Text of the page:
(flip side of a Gemini)

Did no one tell you I'm recovering from breast cancer? Have you not been reading MY blog? Did you not even bother to look at the pictures? I've got a whole section on it here - CATSTIR the other C word that rhymes with Dancer. And Sunday's post was my version of Show and Tell, or TMI. Did you miss the Monkey ME post too?

Okay, no worries. I forgive you. Shit happens. Let's move forward. Let's focus on getting me reinstated. I need that membership more than I need a pink ribbon. Do what you can and do it quick, ok?

In the meantime... I've hooked a new reader and she's reading a LOT of my posts. Thank you new reader (you know who you are). Her reading me has prompted me to read me and I'm convinced that most of what I write is CRAP. Okay, some of it is still okay, but a lot of it is CRAP (I love saying CRAP). What should I do about that? Keep writing, right?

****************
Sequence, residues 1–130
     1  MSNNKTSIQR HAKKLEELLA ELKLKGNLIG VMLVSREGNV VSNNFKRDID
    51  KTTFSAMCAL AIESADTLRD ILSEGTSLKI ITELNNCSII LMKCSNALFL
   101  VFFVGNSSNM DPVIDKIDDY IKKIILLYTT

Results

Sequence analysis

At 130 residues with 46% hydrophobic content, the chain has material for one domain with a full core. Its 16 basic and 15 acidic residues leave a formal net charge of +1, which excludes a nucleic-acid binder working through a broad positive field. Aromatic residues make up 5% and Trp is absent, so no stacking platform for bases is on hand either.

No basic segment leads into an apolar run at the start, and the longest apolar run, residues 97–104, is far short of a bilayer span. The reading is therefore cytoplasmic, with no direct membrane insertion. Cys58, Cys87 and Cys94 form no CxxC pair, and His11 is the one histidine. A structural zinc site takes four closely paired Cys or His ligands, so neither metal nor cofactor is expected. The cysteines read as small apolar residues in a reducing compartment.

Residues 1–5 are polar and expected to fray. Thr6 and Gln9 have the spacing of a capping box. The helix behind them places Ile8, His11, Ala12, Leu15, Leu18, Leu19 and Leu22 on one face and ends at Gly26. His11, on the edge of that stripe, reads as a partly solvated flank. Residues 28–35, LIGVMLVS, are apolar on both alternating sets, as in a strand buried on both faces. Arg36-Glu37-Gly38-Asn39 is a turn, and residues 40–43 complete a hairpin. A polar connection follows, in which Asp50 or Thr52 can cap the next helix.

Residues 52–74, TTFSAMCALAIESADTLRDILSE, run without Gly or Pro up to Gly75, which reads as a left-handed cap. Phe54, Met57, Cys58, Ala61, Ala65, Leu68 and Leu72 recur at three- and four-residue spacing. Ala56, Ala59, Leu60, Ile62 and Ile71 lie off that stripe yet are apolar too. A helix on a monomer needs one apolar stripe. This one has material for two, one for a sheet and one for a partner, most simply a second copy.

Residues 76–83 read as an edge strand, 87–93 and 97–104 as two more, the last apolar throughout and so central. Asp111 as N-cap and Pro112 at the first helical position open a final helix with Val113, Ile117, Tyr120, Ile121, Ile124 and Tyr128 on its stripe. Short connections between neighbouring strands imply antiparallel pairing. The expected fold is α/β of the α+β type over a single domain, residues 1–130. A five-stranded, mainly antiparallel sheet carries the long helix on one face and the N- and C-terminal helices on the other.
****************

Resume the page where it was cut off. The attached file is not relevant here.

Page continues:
In the process of me reading me, I was reminded of a fellow writer, a once upon a time follower, who would comment, kindly. I went back to her site and discovered she's even more brilliant now then she was then. And she's finished several books. And I'm still whimpering. Pathetic little monkey I am.

She drinks coffee in the morning and wine in the evening (I've been doing it all wrong). She writes humorous, romantic fiction (is there such a thing as humorous, romantic non-fiction?) She's adorable, in her sassy blonde do. And now, without further ado, let me introduce to you, Talli Roland.

Oh... I'm sorry. Did you think an interview would follow? I don't actually know her. I just read her. Thats the thing about some bloggers, the more you read them, the more you think you know them.

It's not like I think I have wine with her. Or share a kitten with her. I don't know where she lives, exactly. She won't tell me. I could stand on the streets of London and wait for her to drive by in her chartreuse, convertible mini-cooper, but THAT would be creepy, RIGHT? I can't decide.